Prison lawsuit

(File) Leslie Ogburn, a plaintiff in the lawsuit and founder of No Prison for Tallassee, addressed the Tallassee City Council in December 2020 to speak out against prison’s construction.

Alabama State Auditor, Republican Jim Zeigler, and Democratic Rep. John Rogers, jointly filed a lawsuit in Montgomery Circuit Court this week challenging the legality of Governor Kay Ivey’s prison construction plans under Alabama law. They are joined as plaintiffs in the suit by Leslie Ogburn, a resident of the rural community of Tallassee where one of the privately-owned prisons is slated to be built, as well as by grassroots leader Pastor Kenneth Glasgow, from The Ordinary People Society in Dothan. The National Council for Incarcerated & Formerly Incarcerated Women and Girls, a prison abolitionist organization, has spearheaded the legal strategy, highlighting the national significance of the case.

“As your state auditor, it is my constitutional duty to ensure that public funds are appropriately spent and properly accounted for,” Zeigler said. “After carefully reviewing the issue, it is clear to me that Governor Ivey’s plan to spend more than $3 billion renting private prison facilities does not fall within the bounds of Alabama law. As a steward of your tax dollars, I am compelled to take action to prevent this misuse of public funds. I am proud of this bipartisan effort to stand up against Governor Ivey’s overreach in trying solve Alabama’s prison problems through a back room deal.”

The private prison construction plan that Zeigler and others are challenging involves the proposed construction of three privately-owned mega prisons in rural communities of Bibb, Elmore, and Escambia counties, which the State of Alabama would then be contractually obligated to lease for 30 years at an estimated cost of over $3 billion. These privately-owned prisons would be staffed and run by the Alabama Department of Corrections (ADOC), which is currently facing multiple federal lawsuits related to how they staff and run prisons. The lawsuit highlights how this project plainly violates the establishing text for the ADOC in the Alabama Code (section 14-1-1.2) which states that “an institution over which the department exercises control may not be leased, transferred, or places under the supervision of management of any nongovernmental entity without first obtaining the consent of the legislature”.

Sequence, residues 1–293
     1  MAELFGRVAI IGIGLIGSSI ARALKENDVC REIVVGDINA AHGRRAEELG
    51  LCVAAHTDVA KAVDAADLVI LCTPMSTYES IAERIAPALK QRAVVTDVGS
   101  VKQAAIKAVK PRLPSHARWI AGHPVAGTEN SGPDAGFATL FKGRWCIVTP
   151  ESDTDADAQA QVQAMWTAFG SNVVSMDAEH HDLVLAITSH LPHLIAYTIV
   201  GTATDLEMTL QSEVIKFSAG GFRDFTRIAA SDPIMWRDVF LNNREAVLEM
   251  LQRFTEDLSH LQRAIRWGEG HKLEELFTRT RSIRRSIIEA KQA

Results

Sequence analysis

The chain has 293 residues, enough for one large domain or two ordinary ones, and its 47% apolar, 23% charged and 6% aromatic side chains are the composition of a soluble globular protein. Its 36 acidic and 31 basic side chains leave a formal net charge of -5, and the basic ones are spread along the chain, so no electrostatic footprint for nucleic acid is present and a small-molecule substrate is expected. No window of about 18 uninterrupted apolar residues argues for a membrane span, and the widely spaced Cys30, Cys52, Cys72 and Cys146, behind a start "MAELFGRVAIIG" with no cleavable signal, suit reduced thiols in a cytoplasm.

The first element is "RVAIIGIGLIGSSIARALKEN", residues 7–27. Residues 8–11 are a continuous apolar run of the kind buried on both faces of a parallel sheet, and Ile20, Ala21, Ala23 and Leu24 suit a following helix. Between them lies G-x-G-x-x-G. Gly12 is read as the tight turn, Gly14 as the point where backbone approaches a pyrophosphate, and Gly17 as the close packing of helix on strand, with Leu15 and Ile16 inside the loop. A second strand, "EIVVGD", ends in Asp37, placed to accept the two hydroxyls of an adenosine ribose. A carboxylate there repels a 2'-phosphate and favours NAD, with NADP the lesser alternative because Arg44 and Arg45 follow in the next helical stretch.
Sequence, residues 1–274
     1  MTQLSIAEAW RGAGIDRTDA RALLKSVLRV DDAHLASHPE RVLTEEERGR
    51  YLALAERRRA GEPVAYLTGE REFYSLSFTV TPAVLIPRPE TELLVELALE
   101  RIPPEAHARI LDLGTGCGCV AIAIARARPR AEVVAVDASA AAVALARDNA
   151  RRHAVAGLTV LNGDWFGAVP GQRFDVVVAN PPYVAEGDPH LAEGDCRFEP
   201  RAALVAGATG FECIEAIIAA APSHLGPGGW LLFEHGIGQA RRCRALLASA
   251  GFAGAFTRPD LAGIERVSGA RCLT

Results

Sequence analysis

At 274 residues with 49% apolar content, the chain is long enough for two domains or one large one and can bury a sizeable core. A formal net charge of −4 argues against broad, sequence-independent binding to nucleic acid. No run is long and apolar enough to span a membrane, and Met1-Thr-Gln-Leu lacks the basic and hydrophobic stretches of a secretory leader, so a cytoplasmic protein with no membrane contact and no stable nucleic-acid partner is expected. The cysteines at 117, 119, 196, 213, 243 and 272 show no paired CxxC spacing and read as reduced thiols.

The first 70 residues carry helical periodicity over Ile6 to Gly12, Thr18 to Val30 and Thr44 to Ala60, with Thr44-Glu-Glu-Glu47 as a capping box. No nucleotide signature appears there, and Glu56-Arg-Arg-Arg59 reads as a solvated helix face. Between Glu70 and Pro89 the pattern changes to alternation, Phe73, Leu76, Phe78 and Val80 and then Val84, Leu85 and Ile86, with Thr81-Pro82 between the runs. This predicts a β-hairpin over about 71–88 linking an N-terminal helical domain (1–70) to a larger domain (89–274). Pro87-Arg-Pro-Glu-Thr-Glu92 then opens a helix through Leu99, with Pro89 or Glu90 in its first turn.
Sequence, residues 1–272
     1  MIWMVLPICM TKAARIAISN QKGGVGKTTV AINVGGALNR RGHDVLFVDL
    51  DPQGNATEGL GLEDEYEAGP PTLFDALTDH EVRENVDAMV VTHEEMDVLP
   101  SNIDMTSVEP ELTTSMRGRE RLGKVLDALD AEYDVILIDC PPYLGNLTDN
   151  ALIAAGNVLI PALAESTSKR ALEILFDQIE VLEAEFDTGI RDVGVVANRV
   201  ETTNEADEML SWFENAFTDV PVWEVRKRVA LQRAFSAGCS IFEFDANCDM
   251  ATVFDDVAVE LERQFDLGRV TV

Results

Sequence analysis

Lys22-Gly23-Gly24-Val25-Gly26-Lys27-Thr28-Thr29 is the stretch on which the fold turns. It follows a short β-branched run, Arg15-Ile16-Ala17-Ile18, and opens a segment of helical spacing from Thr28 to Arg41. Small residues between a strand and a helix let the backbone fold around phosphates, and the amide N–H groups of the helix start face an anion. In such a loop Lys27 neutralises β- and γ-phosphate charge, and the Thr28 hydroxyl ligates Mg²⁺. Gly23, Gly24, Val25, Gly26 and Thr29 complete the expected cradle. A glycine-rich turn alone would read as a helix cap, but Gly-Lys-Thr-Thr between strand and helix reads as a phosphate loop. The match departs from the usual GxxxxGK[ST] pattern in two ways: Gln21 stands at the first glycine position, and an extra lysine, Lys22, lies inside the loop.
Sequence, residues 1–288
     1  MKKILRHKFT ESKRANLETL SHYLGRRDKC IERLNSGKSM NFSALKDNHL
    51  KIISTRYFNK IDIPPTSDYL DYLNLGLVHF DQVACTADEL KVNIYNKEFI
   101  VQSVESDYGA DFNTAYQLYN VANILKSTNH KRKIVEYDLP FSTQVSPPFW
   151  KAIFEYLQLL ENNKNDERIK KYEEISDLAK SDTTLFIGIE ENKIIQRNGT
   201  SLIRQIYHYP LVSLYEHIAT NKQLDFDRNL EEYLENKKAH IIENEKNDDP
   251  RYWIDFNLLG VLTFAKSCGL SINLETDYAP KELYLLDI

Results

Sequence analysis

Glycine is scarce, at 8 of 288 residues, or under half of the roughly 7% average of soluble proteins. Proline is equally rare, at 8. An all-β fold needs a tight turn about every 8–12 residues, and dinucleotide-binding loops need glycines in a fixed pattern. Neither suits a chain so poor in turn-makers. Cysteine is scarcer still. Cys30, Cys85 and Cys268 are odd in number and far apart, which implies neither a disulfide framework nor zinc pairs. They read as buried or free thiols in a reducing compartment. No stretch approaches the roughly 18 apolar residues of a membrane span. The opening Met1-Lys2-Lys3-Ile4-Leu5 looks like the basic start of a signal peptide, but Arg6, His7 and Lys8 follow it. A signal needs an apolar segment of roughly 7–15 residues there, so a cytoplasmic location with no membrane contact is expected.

“It’s not just that we don’t want these privately-owned prisons in our backyard. It’s that we don’t want these prisons in anyone’s backyard,” said Jackson McNeely, a resident of Brierfield in Bibb County and the founder of Block the Brierfield Prison. “I am very excited to see this lawsuit filed, because these mega prisons are ill-conceived, irresponsible, and do nothing to address the problems that they allegedly intend to. Since the moment we discovered that Governor Ivey intended to build a mega prison on top of our community, people in Brierfield have been screaming that we do not want it. Nobody asked us - we had to find out about it in the newspaper. Nobody did an environmental impact study or infrastructure assessment. It’s ridiculous. If Governor Ivey and other elected officials won’t listen to the people in these rural communities, then I suppose they’ll just have to listen to us in court.”

Local resistance to the prisons in the rural communities where they are slated to be built has been widespread. “If this prison gets built in Tallassee, it will be incredibly damaging to the small business I run,” said Leslie Ogburn, director of a tree farm adjacent to the proposed construction site in Elmore County and founder of No Prison for Tallassee. “It’s just not right. I think that Governor Ivey selected our rural communities for this shady prison deal because she thinks we are the path of least resistance. I think she picked us because she didn’t think we were powerful enough to fight back. She’s dead wrong, and she’s got another thing coming to her.”

“As formerly incarcerated women, we know the harm that prison can cause in compounding trauma and shattering families,” said Andrea James, executive director of The National Council for Incarcerated & Formerly Incarcerated Women and Girls. “We are dedicated to reimagining communities -- not prisons -- and so stand proudly with all people who oppose prison construction. We are happy to provide organizing and legal expertise to pave the way for the billions of dollars the Governor wants to spend on prisons to be used to support education and jobs, to keep people from ending up on a prison bunk to begin with.”

Pastor Kenneth Glasgow, a plaintiff who is the founder and director of The Ordinary People Society, agrees about the national significance of this prison project. “I have been doing criminal justice work for more than twenty years, and this massive prison construction project is unlike anything I have ever seen. People all across the country are watching this project with horror, knowing that it could set a precedent that haunts us for generations. But we will beat it. We have to.”